The deadly hurricane that wreaked havoc in the U.S. from Florida to North Carolina has the potential to generate $45 million to $65 million in revenue and 15 cents a share to 30 cents a share in earnings for Generac, wrote Keybanc analyst Jeffrey Hammond in a note issued Thursday. Hammond sees Generac benefiting from some people having bought generators ahead of Hurricane Matthew, while others look to make a purchase after as to be prepared for a potential power outage should another horrible storm arise.
"We received strong early indications around Hurricane Matthew, which we view as a key awareness event considering Matthew was the first significant storm to hit the U.S. in four years," Hammond said.
Genarac is no stranger to cleaning up when a major storm hits. Sales of residential products such as portable and stand-by generators, and power washers, surged 28% in the fourth quarter of 2012 in the wake of Hurricane Sandy.
All told, Hurricane Matthew likely caused $10 billion in damage, according to an estimate from Goldman Sachs. The estimate would make Hurricane Matthew the 22nd most-damaging storm since World War II, Goldman estimated. By comparison, Hurricane Sandy, the second-worst storm, triggered $50 billion to $60 billion in total damage in 2012.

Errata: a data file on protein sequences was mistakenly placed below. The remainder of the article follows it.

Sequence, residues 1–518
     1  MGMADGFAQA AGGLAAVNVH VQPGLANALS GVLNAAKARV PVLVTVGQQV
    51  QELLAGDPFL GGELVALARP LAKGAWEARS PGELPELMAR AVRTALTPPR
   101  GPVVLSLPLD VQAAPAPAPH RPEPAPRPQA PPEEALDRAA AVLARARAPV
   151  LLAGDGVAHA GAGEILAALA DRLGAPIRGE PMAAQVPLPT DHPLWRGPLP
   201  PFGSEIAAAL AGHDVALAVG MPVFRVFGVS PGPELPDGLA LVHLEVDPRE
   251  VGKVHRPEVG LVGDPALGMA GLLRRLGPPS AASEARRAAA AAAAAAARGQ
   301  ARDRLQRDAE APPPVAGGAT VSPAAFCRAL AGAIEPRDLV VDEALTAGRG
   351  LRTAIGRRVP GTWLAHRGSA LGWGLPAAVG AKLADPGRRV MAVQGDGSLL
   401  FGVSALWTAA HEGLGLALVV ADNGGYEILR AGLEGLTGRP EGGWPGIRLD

Although it looks as if Hurricane Matthew didn't cause as much damage as Sandy, using the historic 2012 storm as a benchmark offers investors a snapshop into how other home-improvement companies besides Generac may be poised to soon benefit.
At home-improvement retailer Home Depot (HD) - Get Report , product categories at its Northeast stores that sold particularly well during Sandy were generators (same-store sales rose by a triple digit percentage in the fourth quarter, said the company at the time), plywood (same-store sales rose by a double-digit percentage), extension cords, water heaters and cleaning products.
Sales of products related to Sandy preparation and cleanup went onto tally about $242 million in the fourth quarter of 2012 for Home Depot, roughly $112 million higher than the sales the company realized from Hurricane Irene in the same period in 2012.
Home Depot rival Lowe's(LOW) - Get Report had a similar experience within its aisles. According to the company, it saw a "surge in demand" during Sandy that lifted its fourth-quarter 2012 same-store sales by 0.7%.